sturdy defense, while two blades will inflict more damage.  You’ll need to find a combination that works
for your character, as the frigid landscape is filled with opponents of all
sizes.  Giants roam the tundra with herds
of mammoths, saber cats hide in the mountain passes, packs of wolves converge
from all directions.  Dragons can also be
found, waiting atop a mountain or circling above one of Skyrim’s towns.  They provide a relief from the more mundane
encounters, and offer rewards in the form of dragon souls and loot.  Dragon souls are used to unlock Shouts, the
mystical power possessed by the Dragonborn. 
Each Shout acts as a spell, with effects varying from an inhuman burst
of speed to the ability to become ethereal. 
Rather than draining Magicka, these abilities have a cooldown period.

On a visual level, the land of Skyrim is often impressive,
providing a beautifully detailed backdrop of waterfalls, towering mountains,
frostbitten ruins, and alpine forests. 
Each town has its own theme, and its own mysteries to unravel.  As you scale mountains and the elevation
increases, the air becomes crowded with falling snow and gales of wind send ice
crystals scattering.   Dungeons, accused
of being a bit too formulaic in Oblivion, are often tied into the story and varied
enough that it won’t become a chore to slog through them.  Items and equipment, fully viewable in the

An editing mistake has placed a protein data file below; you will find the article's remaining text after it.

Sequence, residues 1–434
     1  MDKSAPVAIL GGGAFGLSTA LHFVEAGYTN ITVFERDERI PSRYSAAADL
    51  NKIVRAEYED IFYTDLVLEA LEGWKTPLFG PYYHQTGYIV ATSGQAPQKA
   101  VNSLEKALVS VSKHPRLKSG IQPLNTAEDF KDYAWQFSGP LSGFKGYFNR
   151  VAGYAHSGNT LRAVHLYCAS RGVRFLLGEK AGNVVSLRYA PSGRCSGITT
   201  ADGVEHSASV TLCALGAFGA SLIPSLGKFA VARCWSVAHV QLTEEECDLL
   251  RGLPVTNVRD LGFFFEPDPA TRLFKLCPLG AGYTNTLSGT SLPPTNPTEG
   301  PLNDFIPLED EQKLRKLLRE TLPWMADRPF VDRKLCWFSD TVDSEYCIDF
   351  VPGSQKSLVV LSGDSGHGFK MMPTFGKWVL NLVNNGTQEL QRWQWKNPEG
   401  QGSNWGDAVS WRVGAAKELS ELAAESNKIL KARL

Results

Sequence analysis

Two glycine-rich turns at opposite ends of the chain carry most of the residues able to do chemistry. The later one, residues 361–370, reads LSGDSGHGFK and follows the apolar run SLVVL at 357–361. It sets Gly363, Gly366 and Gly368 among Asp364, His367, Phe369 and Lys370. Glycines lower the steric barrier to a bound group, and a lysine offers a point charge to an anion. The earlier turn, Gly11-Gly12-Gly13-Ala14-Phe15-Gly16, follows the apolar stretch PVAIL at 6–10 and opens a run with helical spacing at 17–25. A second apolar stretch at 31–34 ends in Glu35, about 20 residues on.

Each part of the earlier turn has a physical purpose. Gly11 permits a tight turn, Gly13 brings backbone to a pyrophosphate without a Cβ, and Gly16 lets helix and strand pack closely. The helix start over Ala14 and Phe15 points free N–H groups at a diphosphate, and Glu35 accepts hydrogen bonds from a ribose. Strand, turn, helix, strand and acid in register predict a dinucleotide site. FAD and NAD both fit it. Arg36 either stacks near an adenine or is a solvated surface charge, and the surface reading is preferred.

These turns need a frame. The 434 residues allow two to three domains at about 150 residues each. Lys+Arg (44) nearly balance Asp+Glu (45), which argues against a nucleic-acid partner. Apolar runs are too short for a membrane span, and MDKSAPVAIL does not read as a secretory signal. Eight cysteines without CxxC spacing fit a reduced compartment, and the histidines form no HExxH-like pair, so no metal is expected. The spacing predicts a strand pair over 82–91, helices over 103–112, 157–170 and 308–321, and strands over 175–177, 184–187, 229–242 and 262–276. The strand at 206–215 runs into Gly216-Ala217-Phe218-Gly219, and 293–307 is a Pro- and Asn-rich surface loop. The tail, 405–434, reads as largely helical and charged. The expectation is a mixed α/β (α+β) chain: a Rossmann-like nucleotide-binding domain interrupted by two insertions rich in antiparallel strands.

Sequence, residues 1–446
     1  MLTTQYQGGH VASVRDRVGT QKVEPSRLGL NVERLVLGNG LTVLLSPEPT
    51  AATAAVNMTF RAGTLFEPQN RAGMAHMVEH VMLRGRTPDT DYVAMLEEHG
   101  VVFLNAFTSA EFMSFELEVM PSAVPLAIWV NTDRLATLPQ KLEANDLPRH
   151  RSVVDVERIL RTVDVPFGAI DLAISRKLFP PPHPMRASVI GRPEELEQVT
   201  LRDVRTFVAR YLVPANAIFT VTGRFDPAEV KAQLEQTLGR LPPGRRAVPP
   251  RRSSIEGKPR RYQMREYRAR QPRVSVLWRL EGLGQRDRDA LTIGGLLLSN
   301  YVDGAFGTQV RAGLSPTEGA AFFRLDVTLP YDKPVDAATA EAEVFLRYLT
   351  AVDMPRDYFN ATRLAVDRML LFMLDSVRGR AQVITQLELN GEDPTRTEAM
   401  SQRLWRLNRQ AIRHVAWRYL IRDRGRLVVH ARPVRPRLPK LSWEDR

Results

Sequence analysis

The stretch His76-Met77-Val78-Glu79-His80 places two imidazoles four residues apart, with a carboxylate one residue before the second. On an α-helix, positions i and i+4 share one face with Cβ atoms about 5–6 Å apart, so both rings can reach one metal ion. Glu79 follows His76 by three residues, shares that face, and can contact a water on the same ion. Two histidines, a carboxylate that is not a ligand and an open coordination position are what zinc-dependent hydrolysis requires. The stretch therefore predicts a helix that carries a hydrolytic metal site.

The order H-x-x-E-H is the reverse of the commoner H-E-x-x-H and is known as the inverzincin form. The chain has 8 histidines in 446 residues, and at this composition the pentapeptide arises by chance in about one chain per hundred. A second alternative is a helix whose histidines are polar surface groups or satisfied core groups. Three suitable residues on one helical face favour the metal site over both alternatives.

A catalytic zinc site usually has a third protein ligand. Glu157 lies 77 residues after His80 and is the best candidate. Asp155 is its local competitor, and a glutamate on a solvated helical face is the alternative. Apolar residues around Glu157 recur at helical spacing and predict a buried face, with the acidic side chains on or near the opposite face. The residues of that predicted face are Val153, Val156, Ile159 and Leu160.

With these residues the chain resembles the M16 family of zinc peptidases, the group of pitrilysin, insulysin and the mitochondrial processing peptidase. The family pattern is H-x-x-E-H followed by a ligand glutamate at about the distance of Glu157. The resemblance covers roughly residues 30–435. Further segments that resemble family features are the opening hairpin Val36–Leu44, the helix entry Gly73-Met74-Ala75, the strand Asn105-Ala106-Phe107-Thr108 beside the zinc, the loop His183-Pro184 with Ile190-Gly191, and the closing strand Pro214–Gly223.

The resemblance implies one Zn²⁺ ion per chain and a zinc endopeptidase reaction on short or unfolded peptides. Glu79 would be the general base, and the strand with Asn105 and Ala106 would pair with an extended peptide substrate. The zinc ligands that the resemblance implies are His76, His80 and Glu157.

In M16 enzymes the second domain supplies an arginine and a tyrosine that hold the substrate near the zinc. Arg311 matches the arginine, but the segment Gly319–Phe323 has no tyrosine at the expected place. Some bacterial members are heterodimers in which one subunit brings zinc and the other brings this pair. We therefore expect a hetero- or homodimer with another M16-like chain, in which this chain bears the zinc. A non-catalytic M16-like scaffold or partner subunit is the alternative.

inventory menu, are well crafted and often visually striking.  The interface continues the minimalist theme
that Bethesda applied to some areas of the game, proving simple to
navigate.  Any item or ability can be
added to the Favorites menu, which can be invoked at any time by pressing up on
the d-pad.  This definitely reduces some
of the tedious back and forth of changing equipment or quaffing potions. 

Skyrim’s soundtrack leaves little to be desired
musically.  The sweeping themes that
sound out as you trek through the world only add to the sense of adventure, and a
few of the tracks are sure to evoke some nostalgia in fans of Morrowind.  Also, the ambient sounds serve their function well,
accompanying the rugged images with sounds of stirring winds, flowing water,
and wolves howling off in the distance. 
The voice acting is quite good in many instances, while on par with
Oblivion in others. 

The sheer amount of content this game offers makes it
difficult to encapsulate within a review. 
There are so many quests and tasks to find in Skyrim’s multitude of
locations that you’ll think twice before talking to every NPC in town.  If you’re in the market for a game that will
absorb your time mercilessly, Skyrim is easily worthy of consideration.  It may very well be the king of such games.   Ultimately, the changes made to the mechanics
work well within the context of the game, making the subtractions seem
justified.  There are some flaws within
the game’s gorgeous presentation on the 360, as shadows tend to flicker and can
be blocky, while lots of action on the screen can put a dent in the
frame rate.  Nonetheless, you’d be hard
pressed to find another game on the 360 with such stunning visuals.  You will likely run into bugs and glitches
here and there, but none catastrophic. 
In many aspects, Skyrim is a superb entry in the series and is the
finest example thus far of Bethesda’s design principles.